EAA, better than stock filtering?

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I've never been clear on this. I know the EAA flows better than an OEM paper filter and filters better than a K&N style filter. But does the EAA offer superior filtration over an OEM filter? Even though they don't make one for my TL, I can buy a cone one to put on the intake pipe, before it gets to the airbox. I wouldn't mind going with something way oversized for my car so that there's no additional restriction and use it as a pre-filter and hopefully even better filtration than OEM. Yes, I'm getting bored with the car again.
 
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I wouldn't be surprised if EaAs filter better than some OEM filters. Honda, though? I have no idea, but I doubt it.
 
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I think I can track down the video thingie on it. I was at the regional conference when they were introducing it. It's supposed to be finer than OEM and flow better. The serviceable feature is it's best ROI. Just don't beat it up. You always get some "unofficial" cross talk at the conferences. The big filter guy said that the things will just about last forever ..but we won't make any money with them if we say that (if they published that). The thing is.. I don't know how much unofficial dialog is fact ..or disinformation that's relying on no one keeping their mouth shut ..like me. They wouldn't even tell us who made the oil filters other than it varies with the part number.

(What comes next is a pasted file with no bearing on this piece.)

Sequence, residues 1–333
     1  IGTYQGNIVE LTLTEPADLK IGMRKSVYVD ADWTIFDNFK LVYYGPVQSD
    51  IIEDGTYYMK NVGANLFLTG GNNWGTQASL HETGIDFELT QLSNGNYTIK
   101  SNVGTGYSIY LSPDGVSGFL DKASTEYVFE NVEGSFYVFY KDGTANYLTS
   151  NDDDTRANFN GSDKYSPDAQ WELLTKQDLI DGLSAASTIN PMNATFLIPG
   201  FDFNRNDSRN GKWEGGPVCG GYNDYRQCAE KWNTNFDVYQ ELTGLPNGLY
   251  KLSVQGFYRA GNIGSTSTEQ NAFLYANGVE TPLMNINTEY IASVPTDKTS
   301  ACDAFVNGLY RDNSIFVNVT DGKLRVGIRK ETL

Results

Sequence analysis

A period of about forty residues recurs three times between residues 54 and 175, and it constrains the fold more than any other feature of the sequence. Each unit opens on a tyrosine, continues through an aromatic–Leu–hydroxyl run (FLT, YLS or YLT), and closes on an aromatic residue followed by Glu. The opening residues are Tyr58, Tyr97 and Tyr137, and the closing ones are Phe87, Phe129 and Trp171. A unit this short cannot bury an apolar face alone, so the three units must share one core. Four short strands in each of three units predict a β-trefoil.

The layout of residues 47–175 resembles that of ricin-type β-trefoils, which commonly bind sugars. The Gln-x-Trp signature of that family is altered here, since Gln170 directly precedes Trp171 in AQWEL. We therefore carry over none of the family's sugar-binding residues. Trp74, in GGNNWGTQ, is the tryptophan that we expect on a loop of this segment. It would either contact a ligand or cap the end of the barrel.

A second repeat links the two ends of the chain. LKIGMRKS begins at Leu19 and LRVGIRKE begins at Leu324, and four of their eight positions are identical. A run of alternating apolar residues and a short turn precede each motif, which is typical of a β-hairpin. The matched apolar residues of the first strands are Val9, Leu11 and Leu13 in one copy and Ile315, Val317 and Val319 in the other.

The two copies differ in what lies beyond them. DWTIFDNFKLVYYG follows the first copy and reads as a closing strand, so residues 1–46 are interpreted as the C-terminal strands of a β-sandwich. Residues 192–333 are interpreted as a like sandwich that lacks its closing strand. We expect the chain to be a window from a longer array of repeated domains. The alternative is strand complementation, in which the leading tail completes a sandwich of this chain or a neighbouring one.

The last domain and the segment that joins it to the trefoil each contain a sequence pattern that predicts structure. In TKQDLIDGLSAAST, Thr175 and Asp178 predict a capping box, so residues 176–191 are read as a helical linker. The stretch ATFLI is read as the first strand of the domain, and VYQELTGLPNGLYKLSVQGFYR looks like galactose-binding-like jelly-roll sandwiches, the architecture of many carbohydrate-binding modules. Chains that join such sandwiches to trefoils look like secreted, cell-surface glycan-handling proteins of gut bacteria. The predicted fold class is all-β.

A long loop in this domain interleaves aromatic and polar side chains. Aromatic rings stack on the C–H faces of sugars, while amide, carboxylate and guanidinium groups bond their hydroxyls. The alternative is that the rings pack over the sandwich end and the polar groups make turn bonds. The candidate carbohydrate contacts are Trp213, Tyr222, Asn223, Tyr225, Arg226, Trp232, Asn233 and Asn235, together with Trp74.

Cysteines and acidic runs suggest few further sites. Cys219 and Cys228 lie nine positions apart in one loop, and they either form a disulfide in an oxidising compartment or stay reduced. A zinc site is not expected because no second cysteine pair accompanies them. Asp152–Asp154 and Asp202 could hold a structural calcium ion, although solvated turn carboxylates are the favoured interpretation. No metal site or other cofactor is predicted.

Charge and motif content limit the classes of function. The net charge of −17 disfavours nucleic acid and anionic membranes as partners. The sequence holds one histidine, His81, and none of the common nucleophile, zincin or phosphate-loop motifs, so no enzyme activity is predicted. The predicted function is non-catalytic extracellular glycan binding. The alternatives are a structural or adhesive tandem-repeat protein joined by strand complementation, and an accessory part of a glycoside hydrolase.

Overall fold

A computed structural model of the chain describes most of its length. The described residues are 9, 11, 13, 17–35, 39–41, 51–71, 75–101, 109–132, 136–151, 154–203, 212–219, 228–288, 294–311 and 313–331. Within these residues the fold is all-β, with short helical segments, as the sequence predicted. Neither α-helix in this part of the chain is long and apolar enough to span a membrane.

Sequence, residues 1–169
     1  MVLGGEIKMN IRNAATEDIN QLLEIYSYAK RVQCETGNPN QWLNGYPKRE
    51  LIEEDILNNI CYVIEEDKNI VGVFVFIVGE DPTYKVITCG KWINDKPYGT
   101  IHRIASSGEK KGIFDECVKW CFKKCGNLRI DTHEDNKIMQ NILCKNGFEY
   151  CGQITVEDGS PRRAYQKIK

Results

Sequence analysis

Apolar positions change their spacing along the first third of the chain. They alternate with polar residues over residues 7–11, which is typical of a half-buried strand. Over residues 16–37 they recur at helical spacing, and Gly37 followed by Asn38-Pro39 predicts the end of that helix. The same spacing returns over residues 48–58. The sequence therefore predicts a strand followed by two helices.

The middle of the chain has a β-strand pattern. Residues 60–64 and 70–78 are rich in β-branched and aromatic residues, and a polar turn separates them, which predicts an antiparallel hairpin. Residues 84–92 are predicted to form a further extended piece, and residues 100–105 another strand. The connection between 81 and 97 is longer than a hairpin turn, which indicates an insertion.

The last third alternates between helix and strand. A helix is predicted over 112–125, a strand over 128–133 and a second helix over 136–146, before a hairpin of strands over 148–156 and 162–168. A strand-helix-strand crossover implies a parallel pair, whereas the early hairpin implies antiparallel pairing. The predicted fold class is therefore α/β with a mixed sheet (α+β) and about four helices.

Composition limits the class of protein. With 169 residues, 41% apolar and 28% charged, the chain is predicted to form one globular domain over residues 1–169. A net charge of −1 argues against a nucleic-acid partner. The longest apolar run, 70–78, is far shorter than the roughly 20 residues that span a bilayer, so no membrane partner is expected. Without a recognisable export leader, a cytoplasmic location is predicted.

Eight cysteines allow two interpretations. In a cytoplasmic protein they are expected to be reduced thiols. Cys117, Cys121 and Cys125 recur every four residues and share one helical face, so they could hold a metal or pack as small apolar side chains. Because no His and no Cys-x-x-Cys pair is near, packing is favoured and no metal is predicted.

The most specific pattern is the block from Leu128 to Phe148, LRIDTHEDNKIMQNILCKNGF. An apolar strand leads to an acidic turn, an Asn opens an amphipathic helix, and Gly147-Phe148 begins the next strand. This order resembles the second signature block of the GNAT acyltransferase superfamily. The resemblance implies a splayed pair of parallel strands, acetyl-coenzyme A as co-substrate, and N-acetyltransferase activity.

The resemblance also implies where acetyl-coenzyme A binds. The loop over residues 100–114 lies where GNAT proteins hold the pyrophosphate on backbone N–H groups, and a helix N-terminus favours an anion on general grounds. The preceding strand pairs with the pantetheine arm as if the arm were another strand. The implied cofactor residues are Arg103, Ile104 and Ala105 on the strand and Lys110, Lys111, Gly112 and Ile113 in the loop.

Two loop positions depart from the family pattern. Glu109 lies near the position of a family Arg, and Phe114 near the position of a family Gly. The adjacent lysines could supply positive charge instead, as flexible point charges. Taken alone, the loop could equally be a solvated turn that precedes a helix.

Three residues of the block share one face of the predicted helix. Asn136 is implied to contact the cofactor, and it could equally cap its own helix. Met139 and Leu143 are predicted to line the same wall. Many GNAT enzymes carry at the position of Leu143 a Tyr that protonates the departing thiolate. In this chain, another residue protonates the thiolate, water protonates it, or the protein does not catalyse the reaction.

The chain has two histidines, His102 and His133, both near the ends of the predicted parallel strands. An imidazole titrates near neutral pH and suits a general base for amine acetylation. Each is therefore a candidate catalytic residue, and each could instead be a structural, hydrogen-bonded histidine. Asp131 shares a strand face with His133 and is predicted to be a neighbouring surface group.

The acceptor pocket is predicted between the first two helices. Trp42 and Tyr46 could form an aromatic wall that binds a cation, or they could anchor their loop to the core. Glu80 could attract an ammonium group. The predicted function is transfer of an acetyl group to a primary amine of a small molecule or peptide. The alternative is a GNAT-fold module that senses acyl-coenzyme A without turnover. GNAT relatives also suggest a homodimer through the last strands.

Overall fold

BuickGN

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That's what I thought I remembered hearing but after searching I couldn't find anything. In true BITOG OCD form, what is your opinion of running a filter that's way oversized upstream from the paper element assuming it poses no additional restriction? Besides not necessary, I wonder if there would be any advantage say over the course of 300,000 miles?
 
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I can't see any downside to it. It will add something at some CFM, but it will have to be in the fractional inches of water column. I don't know how it will do over 300k. It will, like most things, mean that it's in better health at 300k. The throttle body and valve haven't been sand blasted as much Diesels sometimes have a primary and secondary air filter. I haven't found any bona fide W.C. readings that would be typical of the vacuum one should expect between the air filter and the air horn. I've seen what Donaldson shows for some air cleaners (w/filters) produce at given CFM levels, but I don't KNOW what would be considered normal. The filter minder would appear to be a decent way of figuring if your filter setup was restrictive for the CFM you were operating at. It should almost act like a "PEAK HOLD" meter ..so to speak. It allegedly will rest at the peak vacuum level. Heck, they even have a dash mount. filterminder.com
 
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